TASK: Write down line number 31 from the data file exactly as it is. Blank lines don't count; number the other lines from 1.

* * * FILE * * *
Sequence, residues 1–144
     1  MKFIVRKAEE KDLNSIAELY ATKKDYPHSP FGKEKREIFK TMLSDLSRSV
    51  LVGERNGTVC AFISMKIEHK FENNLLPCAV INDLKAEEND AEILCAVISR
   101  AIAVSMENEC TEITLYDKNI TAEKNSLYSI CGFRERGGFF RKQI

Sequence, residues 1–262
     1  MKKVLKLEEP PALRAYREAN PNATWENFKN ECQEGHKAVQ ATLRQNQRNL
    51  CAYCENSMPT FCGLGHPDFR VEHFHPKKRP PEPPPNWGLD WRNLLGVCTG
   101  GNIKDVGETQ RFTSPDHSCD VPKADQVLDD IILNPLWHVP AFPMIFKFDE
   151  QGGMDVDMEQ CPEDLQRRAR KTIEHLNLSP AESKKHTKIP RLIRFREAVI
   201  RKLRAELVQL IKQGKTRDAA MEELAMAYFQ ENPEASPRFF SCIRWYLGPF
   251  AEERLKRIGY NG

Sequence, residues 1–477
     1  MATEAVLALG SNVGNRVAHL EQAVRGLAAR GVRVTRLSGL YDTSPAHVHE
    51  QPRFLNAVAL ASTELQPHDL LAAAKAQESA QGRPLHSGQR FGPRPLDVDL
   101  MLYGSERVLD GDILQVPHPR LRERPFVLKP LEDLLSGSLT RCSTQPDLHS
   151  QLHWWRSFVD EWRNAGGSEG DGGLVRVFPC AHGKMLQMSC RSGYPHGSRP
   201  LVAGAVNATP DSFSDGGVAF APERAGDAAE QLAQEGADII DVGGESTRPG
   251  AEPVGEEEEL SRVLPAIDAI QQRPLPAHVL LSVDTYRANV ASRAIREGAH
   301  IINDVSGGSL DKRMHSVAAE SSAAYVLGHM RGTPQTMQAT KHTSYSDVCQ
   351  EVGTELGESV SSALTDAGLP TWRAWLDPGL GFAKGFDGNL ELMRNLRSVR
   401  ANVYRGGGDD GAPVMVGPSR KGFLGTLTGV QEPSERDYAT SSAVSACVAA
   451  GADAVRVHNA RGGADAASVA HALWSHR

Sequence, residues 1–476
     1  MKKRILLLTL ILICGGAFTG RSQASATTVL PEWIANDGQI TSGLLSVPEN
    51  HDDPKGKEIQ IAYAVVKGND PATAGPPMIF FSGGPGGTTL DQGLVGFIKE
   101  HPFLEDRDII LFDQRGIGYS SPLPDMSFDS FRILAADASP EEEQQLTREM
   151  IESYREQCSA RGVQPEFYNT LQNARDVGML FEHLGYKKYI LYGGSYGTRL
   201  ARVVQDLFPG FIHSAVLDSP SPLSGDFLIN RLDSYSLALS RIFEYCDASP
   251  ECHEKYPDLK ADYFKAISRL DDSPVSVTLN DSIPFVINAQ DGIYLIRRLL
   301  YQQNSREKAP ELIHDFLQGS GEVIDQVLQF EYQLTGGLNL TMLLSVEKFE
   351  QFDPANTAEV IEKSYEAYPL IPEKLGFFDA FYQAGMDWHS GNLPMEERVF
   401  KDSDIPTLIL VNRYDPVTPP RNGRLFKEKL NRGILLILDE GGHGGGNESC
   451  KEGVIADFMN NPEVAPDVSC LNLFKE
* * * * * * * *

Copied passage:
   351  QFDPANTAEV IEKSYEAYPL IPEKLGFFDA FYQAGMDWHS GNLPMEERVF